ABSTRACT: This paper uses Value Line forecasts to estimate and trace merger-related gains to their ultimate sources in efficiency improvements and enhanced market power. Sidestepping methodological issues that have hampered past attempts at assessing bank mergers, this approach yields estimates that indicate that, on average, megabank mergers generate gains that derive from improvements in cost efficiencies. With the removal of restrictions on bank expansion, these gains decline and previously observed efficiency gains give way to gains that arise at the expense of customers as the extent of geographic overlap between the merging banks increases. In mergers where the resulting size of the combination allows merging banks potential access to previously unavailable regulatory subsidies, gains are substantial and arise from projected revenue increases that are linked to increased risk taking.

April 26, 2010 | Permalink | Comments (0) | TrackBack (0)

The Plausibility of Twombly: Proving Horizontal Agreements after Twombly

Posted by D. Daniel Sokol

Alvin K. Klevorick, Yale University - Law School and Issa Kohler-Hausmann, New York University explain The Plausibility of Twombly: Proving Horizontal Agreements after Twombly.

ABSTRACT: We address a longstanding issue in antitrust doctrine: what must a plaintiff adduce at various procedural stages to show an agreement under Sherman Act § 1? Our major goal is to offer the most compelling interpretation and formalization of the Supreme Court’s statements on evidentiary and procedural standards for showing a § 1 violation, while recognizing that, as some have claimed, the Court has addressed the required proof of pleading without a well-articulated definition of agreement or, more narrowly, conspiracy. Our contribution attempts to formalize what we believe is the most reasonable interpretation of the Court’s reigning rules, which now include the one in Twombly. For now we do not offer a normative prescription for those rules based on foundational policy principles, such as promotion of efficiency or minimization of social costs, which include the costs of errors in the decision process. This is not to say that those policy concerns do not motivate the doctrine we are addressing, but rather that here we set ourselves the more limited task of presenting the most plausible and reasonable interpretation of the doctrine and of formalizing it in a way that aids understanding.

The primary target of our interpretive task is the Supreme Court’s 2007 decision in Twombly, which is the most recent installment in a line of cases that has addressed the requirements for establishing the existence of an agreement as a matter of substantive antitrust law and civil procedure. We begin by locating Twombly in the context of Sherman Act § 1 jurisprudence that courts have adopted to try to minimize overall expected error costs in deciding conspiracy cases. Then we describe a leading - perhaps the leading - approach that courts have followed in delineating the types of facts a plaintiff relying on circumstantial evidence must adduce to prove her § 1 conspiracy claim, the doctrine commonly know as “plus factors.” This discussion is complemented by an account of how Monsanto and Matsushita together set the standard for how much of that type of evidence such a plaintiff needs to offer to withstand a motion for summary judgment. In these discussions we introduce a conceptual distinction between the type and quantum of proof and argue that it is key to understanding and formalizing the rules announced in the line of cases addressing evidentiary sufficiency of § 1 claims. Consequently, this duality helps us distinguish the issues in Monsanto and Matsushita from the motion to dismiss question addressed in Twombly.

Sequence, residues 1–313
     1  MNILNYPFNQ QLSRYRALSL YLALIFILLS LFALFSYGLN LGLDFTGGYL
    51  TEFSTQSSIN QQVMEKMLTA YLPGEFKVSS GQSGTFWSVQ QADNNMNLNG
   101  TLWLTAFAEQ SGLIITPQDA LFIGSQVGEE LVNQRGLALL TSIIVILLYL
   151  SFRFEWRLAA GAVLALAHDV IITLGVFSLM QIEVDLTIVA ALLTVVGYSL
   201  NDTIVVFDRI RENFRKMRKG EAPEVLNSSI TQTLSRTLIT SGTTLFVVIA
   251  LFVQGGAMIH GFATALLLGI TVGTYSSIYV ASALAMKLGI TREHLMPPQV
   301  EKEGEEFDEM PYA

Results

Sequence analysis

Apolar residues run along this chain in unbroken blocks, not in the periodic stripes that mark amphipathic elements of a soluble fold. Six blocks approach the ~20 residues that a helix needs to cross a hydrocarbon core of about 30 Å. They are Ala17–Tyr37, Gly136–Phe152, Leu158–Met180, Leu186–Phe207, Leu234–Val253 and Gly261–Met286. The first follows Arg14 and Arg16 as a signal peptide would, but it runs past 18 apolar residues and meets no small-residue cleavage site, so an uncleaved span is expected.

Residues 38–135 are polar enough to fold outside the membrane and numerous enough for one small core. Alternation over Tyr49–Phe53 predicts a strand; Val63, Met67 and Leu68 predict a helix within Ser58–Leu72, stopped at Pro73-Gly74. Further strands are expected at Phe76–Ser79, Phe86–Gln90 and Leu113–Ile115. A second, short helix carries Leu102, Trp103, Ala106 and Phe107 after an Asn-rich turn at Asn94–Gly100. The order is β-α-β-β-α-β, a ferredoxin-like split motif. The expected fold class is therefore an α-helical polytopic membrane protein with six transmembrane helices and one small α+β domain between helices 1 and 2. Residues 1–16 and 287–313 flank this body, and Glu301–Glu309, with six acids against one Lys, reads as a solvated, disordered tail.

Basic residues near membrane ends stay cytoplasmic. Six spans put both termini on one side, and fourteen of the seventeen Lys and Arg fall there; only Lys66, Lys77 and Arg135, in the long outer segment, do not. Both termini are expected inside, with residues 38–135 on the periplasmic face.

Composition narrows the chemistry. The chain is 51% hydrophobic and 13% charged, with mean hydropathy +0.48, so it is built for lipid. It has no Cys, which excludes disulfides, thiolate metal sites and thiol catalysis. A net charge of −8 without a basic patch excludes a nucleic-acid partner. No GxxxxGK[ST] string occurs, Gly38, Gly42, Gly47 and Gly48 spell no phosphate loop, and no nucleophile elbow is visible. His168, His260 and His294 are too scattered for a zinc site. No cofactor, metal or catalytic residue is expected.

We bring these two elements of types of evidence and quantum of evidence together in a description of the way that the circuit courts integrated the consideration of plus factors and the holding in Matsushita into a test the plaintiff must pass at the summary judgment stage. We introduce the notation of Bayesian probability to formalize the tests that have emerged across the circuit courts for § 1 plaintiffs to withstand summary judgment.

The case of principal concern, Twombly, then takes center stage as we describe the difference between the District Court’s and the Second Circuit’s analyses of the case, and then take up the argument between the parties at the Supreme Court. Finally, we offer our reading of the Supreme Court’s Twombly decision and propose a formalization of our interpretation again using the notation of Bayesian probability. The latter helps to distinguish our proposed reading of the case’s holding from the settled doctrine around summary judgment. We briefly conclude with remarks on the future of Twombly’s “plausibility” standard and the task of proving horizontal agreements in the future.


 

April 26, 2010 | Permalink | Comments (0) | TrackBack (0)